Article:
The diets of children in this country contain too much added sugar, a new study shows.
It starts almost as soon as they start eating solid food. They're also not getting enough calcium and other nutrients, since sugary foods often edge out healthier fare, researchers say.
The long-term consequences could include a greater risk of obesity, heart disease, and dental cavities. Food habits adopted in childhood can be hard to change.
Just ask Sibylle Kranz, PhD, RD. She's a registered dietitian and assistant professor of nutrition sciences at Pennsylvania State University, and she's got the sugary scoop on the country's littlest eaters.
Kranz and colleagues tracked added sugar intake in 2- and 5-year-olds. The data came from children's food surveys conducted by the U.S. Department of Agriculture in the 1990s. The surveys detailed what more than 5,400 children ate over two days.
The researchers focused on added sugar categories. Sugar is an ingredient added to many foods during processing or preparing. The study also included sugars eaten separately, such as candy or those added at the table, including syrup, and brown and white table sugar.
The researchers looked at main food sources of added sugar in preschool children including cookies, soft drinks, candy, and juices.
They didn't include the natural types of sugars, such as fructose found in foods like fruit, or galactose, a type of sugar found in milk products.
Sweet Tooth Statistics
Added sugar saturated the kids' diets.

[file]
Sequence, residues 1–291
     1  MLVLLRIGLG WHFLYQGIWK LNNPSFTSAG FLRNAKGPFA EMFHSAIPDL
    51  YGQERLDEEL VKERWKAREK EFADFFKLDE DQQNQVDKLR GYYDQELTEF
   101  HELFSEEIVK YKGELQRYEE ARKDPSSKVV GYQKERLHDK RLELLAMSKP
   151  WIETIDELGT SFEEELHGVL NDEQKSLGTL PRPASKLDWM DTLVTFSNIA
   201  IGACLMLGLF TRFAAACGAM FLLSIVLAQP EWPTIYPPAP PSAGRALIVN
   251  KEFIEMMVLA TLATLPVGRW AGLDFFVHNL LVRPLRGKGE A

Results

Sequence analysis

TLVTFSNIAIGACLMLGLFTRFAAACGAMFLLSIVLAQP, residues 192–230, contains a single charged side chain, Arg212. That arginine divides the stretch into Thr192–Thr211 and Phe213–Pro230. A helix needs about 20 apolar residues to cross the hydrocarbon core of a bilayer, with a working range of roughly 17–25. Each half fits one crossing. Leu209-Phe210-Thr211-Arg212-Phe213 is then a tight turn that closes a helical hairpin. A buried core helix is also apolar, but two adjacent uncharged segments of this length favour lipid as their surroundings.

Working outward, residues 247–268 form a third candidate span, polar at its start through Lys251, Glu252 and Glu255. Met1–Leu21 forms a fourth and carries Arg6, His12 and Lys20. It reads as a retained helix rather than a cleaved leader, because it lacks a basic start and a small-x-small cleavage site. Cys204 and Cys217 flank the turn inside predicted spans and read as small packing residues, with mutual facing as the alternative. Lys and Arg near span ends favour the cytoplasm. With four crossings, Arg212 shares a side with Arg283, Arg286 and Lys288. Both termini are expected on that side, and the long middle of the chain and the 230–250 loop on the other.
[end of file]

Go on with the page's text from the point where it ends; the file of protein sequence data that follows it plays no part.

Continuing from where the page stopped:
On average, added sugar intake was 14 teaspoons per day for kids aged 2-3 and about 17 teaspoons per day for those aged 4-5. The highest level of added sugar for the younger kids was 23 teaspoons per day and more than 26 teaspoons per day for the older kids.
Sugar added up to more than one quarter of the total daily calories for 11 percent of the children aged 2-3 and 12 percent for the 4- and 5-year-olds.
Fruit drinks, high-fat desserts, and regular soft drinks were the most common sources of added sugar. They accounted for half of added sugar noted in the surveys.
Healthier Foods Sidelined
All that added sugar apparently pushed more nutritious foods off kids' plates. The more added sugar in a kid's diet, the less likely the diet contained grains, vegetables, fruits, and dairy.
"Children with the highest level of added sugar intake had the lowest consumption of most nutrients and servings of grains, vegetables, fruits, and dairy," say the researchers in the Jan. issue of The Journal of Pediatrics.
The kids who got most of their calories from added sugars, consumed significantly fewer calories from protein and fat, ate less fiber, and fell short on many nutrients. For instance, calcium intake was too low in 40 percent of the youngest kids and about 70 percent of the older children consuming the most added sugar.
Even those who ate the least added sugar (less than 10 percent of daily calories) often didn't get enough calcium.
Sugar Recommendations Questioned
Current added sugar guidelines might be too liberal, say the researchers. They note that the National Academy of Sciences recommends getting no more than 25 percent of daily calories from added sugar. That could be too much for preschoolers, say the researchers, calling for long-term studies.
Stricter limits come from the USDA's Food Pyramid and World Health Organization. The USDA recommends capping added sugar at 6-10 percent of daily calories. The World Health Organization advises getting less than 10 percent of daily calories from added sugar.
Want to limit kids' added sugar intake? Look beyond the cookie jar. Lemonade, 10 percent fruit juices, ice cream, pies, cakes, soft drinks, and sweetened cereals were also popular sources in the study.
They say that limitations of added sugar intake could result in higher, nutrient-dense diets.
Sources: Kranz, S. The Journal of Pediatrics, January 2005; vol 146: pp 105-111. News release, Pennsylvania State University.
By Miranda Hitti
Reviewed by Brunilda Nazario, MD
© 2005, WebMD Inc. All rights reserved